Vineyard Gazette
The airfield on the central plain of Martha’s Vineyard is beginning to shape up as something more than raw earth, mud, and the destination of building materials trucked over the roads from the st
World War Two
Naval Auxiliary Air Facility
Martha's Vineyard Airport
Vineyard Gazette
The well-kept secret of the Army's experimental base at Katama during the fall and early winter of 1943 is disclosed at last, in this issue of the Gazette. Ten miles of heavy pipe were delivered, with other equipment, beginning in August, and during the following months five one-mile lengths of pipe were laid in the ocean with the aid of tugs, and welded together into an experimental pipeline under conditions similar to those which would be encountered in laying a gasoline supply line under the English Channel.
World War Two
South Beach

1942

The setting up of tire-rationing boards in Island towns this week brings the war yet nearer to the Vineyard. These rationing committees one in each town of the Island, were appointed and set up under instructions which came direct to the chairmen of all board of selectmen on Monday night from a former governor, Joseph B. Ely, who is the state administrator of tire rationing.

1941

One of the victims of the Japanese surprise attack upon the Philippines on Dec. 7 was John H. Campbell, son of Mr. and Mrs. Fred P. Campbell of New Britain and Oak Bluffs. He had spent all of his summers at Oak Bluffs, except that of 1941, and he had many friends in the town and among the summer colony. He enlisted in the U.S. Army Air Corps in 1940, and would soon have qualified as a pilot after training in the fundamentals of aviation.
 
Mr. Campbell was born in New Britain and was educated in the public schools there, being graduated from the high school in 1938.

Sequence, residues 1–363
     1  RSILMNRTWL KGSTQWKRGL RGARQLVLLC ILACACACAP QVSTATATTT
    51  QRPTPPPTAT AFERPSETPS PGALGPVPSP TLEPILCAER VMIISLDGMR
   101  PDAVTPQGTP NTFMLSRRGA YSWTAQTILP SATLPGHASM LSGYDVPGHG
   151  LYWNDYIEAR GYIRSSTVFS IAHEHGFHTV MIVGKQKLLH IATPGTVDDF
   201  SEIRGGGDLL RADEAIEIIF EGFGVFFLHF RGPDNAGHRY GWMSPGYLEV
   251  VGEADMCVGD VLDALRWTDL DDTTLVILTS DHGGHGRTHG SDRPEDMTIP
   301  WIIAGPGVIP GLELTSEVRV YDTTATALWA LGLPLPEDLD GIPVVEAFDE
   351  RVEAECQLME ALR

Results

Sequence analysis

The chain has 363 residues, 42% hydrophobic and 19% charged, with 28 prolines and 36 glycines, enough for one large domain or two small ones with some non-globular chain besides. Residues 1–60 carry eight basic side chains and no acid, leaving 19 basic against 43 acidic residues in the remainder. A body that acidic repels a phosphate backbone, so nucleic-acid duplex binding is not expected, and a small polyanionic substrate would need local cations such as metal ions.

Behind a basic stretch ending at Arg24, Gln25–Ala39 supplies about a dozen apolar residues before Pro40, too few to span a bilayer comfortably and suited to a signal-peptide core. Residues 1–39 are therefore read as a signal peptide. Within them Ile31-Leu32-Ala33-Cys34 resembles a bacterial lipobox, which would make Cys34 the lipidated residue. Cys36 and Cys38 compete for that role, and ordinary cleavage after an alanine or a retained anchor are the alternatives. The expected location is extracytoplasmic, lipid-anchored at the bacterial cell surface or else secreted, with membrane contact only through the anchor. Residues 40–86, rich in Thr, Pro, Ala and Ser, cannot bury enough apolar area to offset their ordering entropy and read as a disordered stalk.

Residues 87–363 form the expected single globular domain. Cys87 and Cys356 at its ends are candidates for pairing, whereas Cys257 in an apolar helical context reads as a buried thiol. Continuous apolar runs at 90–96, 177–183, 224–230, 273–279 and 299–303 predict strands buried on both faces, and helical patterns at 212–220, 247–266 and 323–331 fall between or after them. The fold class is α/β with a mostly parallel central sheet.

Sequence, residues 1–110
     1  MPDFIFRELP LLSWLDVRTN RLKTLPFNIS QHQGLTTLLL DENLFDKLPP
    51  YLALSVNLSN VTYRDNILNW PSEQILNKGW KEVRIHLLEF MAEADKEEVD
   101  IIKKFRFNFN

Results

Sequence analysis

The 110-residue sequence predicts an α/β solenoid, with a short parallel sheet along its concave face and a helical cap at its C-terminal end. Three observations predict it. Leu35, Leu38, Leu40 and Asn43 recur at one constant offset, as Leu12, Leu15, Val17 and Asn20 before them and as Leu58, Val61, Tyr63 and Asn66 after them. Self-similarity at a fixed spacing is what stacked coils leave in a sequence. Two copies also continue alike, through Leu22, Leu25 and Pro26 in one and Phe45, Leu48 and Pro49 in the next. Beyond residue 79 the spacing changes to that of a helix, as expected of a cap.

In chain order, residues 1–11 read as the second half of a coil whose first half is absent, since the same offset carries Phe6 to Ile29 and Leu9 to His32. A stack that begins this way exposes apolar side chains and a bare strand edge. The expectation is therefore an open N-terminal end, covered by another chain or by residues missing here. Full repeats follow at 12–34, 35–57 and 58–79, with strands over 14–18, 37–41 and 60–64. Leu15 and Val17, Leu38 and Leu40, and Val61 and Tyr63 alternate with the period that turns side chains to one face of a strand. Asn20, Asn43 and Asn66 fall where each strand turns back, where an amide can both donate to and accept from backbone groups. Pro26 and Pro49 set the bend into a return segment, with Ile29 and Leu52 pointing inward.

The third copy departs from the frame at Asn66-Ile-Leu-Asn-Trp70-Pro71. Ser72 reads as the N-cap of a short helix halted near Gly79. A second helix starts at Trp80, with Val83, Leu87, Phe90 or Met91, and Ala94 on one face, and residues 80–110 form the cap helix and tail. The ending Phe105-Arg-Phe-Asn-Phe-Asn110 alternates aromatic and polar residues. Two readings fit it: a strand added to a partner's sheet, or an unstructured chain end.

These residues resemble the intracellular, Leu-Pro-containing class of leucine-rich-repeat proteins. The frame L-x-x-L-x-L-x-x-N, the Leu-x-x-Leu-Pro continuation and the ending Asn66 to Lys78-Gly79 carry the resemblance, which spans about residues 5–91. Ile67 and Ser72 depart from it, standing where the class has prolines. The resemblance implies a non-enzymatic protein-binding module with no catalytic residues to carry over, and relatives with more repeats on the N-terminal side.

The death in action of John Gillespie Magee Jr. has been announced by the British Air Ministry. A pilot officer, he is reported unofficially to have been shot down while flying a Spitfire. His vivid personality and brilliant mind made an unforgettable impression on those who knew him during his two summers spent on Martha’s Vineyard. After leaving here in the fall of 1940, he suddenly decided not to enter Yale, to which he had been admitted, but to go to Canada to train for the British Air service.
The mine layer Oglala which was lost in the Japanese attack upon Pearl Harbor was formerly the 4,200 ton passenger steamer Massachusetts of the Metropolitan Line of the New England Steamship Co. On March 12, 1909, she went ashore on Cedar Tree Neck in Vineyard Sound.
 
At the time of the grounding she was bound westward through the Sound. As soon as Nobska was passed, the captain went to bed, thinking she was on a straight course.
The Martha’s Vineyard Rod and Gun Club, more than 200 strong, will report, in case of emergency, as a shotgun brigade, according to a resolution adopted by the club on Wednesday night. The club discussed possibilities of an invasion with grim and practical earnestness before adopting the resolution, taking a report of the arms owned by its membership which consist of at least one shotgun to a man and a number of rifles.
A tremor of mixed excitement and dread swept the Vineyard on Sunday when the first news of the Japanese attack on the Pacific islands became known through the radio broadcasts. Not for eighty years has this Island scene been duplicated, when the opening of the Civil War found Vineyard men at sea and in or near the war zone. The opening of this Far Eastern war likewise finds Vineyard men in or near the scene, not merely in ships of commerce, but in the armed forces of the country.

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